Mon 22 Jan, 2018

Alison Johnstone MSP

Lothian
Health & Sport, Social Security, Children & Young People

Website

Foxes are being hunted by dogs in Scotland and it’s clear that existing laws are unable to stop it. 

I’ve seen the sickening evidence. Investigators for the League Against Cruel sports have filmed harrowing footage showing that mounted hunts are still using hounds to run down and tear apart foxes in the same way they did when the Scottish Parliament passed laws intended to ban hunting with dogs in 2002.

This isn’t just happening down south, it’s happening here in Scotland. The ten Scottish hunts are out two or three times a week from October to the end of March. This seems surprising when you consider that hunting with dogs was banned 15 years ago, but Lord Bonomy, who has carried out a review for the Scottish Government found that flushing to guns is used as “a decoy for the continuation of some traditional hunting practices.”

This exception makes the law difficult to enforce.  In their submission to Lord Bonomy’s review Police Scotland said that exceptions like flushing to guns “provide opportunities for exploitation by those who continually and deliberately offend”.

Next to no one wants to see animals suffer the way a fox recently hunted in Kilbarchan suffered. Its post mortem showed that dogs tore into it and through its skin with such force that it cut through muscle and exposed its lung, leading to “significant unnecessary suffering” before its eventual death.

Around 800 foxes are killed in hunts every year and one in five is killed by packs of hounds in clear breach of the Protection of Wild Mammals Act 2002. The Act is clearly failing.  It appears that the practice of “flushing” foxes with packs of dogs to waiting guns is in many cases hunting with dogs under another name.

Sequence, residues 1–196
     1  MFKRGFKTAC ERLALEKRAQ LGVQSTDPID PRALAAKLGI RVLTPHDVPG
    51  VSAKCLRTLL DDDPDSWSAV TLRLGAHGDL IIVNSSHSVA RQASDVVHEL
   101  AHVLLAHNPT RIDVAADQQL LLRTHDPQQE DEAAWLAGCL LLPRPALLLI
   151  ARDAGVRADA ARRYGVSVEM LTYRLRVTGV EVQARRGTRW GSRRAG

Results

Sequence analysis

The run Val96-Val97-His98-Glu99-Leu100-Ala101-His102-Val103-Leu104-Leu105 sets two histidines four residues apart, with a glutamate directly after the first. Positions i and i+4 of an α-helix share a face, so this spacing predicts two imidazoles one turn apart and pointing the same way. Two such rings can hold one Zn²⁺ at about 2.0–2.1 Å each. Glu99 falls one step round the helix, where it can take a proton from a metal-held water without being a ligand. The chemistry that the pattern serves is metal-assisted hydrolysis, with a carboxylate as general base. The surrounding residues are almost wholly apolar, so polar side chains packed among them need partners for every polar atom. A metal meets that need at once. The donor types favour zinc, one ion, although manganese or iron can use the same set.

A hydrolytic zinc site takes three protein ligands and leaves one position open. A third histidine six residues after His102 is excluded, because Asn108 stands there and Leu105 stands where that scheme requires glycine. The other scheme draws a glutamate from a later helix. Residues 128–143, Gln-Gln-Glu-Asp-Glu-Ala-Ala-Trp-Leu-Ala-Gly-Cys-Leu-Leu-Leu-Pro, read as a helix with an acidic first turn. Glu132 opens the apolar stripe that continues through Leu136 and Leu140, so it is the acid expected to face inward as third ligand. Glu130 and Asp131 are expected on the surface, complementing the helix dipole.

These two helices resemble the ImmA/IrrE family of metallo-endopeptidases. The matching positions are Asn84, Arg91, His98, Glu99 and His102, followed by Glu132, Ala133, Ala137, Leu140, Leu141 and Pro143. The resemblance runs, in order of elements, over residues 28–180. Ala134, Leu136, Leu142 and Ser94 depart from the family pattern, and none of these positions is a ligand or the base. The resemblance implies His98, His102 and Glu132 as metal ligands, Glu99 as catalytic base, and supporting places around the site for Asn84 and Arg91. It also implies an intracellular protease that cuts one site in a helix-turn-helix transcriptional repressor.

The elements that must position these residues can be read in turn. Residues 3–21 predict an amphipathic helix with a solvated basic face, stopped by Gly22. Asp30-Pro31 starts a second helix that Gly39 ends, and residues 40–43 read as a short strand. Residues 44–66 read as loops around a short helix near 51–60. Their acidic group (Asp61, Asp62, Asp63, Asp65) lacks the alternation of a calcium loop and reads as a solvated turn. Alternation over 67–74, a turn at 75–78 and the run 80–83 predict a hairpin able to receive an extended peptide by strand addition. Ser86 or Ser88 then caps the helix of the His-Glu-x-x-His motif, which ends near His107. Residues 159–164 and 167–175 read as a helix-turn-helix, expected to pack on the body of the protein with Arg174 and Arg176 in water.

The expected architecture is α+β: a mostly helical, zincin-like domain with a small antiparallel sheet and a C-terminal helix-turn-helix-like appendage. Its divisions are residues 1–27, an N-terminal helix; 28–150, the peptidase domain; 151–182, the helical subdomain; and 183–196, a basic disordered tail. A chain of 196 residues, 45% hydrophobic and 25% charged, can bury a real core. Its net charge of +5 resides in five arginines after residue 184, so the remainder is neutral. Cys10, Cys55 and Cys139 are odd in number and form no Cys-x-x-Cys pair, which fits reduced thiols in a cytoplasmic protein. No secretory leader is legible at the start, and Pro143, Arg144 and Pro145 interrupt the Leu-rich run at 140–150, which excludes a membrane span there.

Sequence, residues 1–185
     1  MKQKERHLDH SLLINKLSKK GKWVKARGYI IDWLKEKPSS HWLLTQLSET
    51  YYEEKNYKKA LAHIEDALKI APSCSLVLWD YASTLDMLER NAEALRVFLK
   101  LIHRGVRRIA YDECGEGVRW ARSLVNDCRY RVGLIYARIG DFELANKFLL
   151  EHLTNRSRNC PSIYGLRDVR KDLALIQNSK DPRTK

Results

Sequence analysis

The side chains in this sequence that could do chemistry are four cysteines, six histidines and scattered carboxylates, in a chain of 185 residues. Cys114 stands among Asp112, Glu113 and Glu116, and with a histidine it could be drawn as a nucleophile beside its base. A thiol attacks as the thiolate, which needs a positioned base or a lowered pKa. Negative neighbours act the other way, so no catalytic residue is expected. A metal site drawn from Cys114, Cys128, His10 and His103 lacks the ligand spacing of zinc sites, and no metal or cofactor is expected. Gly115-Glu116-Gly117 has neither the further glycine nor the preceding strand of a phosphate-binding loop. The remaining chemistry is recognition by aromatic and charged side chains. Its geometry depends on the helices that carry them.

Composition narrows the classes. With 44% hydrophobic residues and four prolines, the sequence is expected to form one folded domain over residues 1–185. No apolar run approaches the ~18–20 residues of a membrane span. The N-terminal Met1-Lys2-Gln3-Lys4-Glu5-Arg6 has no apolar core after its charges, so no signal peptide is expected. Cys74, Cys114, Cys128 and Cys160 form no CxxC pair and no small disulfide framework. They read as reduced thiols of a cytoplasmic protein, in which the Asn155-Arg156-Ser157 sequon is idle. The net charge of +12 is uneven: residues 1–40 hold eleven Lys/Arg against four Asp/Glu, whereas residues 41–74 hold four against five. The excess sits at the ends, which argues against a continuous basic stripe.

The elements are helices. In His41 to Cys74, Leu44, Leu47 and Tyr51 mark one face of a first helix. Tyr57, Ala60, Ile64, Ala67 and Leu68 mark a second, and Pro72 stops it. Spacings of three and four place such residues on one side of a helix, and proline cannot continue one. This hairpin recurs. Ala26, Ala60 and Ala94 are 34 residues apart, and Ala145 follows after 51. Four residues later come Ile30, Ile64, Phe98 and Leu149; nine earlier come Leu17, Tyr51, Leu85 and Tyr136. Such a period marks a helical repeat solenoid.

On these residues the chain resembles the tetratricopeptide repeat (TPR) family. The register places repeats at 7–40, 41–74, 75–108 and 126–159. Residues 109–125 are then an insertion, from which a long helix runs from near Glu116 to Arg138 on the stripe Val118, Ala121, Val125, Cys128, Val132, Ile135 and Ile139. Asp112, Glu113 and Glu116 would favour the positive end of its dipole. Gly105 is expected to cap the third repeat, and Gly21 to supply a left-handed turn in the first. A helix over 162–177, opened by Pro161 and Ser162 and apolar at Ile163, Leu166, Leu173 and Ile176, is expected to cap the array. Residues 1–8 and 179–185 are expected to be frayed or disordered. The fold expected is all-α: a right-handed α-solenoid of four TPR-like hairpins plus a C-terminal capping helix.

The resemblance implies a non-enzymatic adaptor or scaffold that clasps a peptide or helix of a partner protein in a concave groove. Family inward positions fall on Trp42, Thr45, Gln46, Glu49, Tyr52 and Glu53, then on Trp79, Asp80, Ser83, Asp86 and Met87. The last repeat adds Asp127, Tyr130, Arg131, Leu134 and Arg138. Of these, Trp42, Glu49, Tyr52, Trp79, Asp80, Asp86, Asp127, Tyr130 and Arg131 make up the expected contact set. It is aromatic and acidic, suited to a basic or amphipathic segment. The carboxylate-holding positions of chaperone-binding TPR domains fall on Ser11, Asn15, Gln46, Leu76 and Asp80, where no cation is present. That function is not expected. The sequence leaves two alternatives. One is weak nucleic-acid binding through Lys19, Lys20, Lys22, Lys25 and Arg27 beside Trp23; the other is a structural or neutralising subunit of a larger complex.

Those who callously take part in this form of ritualistic bloodsport are laughing at the law. The current law hasn't stopped cruelty to foxes and while the Scottish Government is carrying out a review of how current laws work, it is not considering an outright ban.

The review is too narrowly-focused and it has led me to believe that the only way we can put an end to this cruel ritual is via a members’ bill in the Scottish Parliament. That’s why I’m working with the League Against Cruel Sports and others to properly assess the shortfalls in our current laws and to determine how we reinforce them in such a way that we eliminate this cruelty once and for all.

The majority of folk are outraged at the fact that foxhunting still takes place. We know this because a credible poll by ScotPulse shows that eight in ten people think fox hunting should be illegal in Scotland with seven in ten absolutely committed to keeping a ban.

What’s more, the findings of this credible poll will make it even more difficult for supporters of bloodsports to claim that slaughtering foxes binds communities together, when we can clearly see how appalled the public is with this barbaric and outdated ritual. This claim, of course, is also a tacit admission that fox hunting is still happening in Scotland.

With a real ban we can demonstrate that Scotland really does care about the welfare of animals.

From what I’ve seen so far, the Scottish Government has some way to go to show that they truly care about preventing unnecessary suffering for animals.

I’ve been horrified by recent decisions on puppy tail docking and shock collars.  We can’t allow government ministers to kick the can down the road on foxhunting.  It's time to take a stand and I hope you agree.

Take this e-action today to respond to the government's consultation.

 

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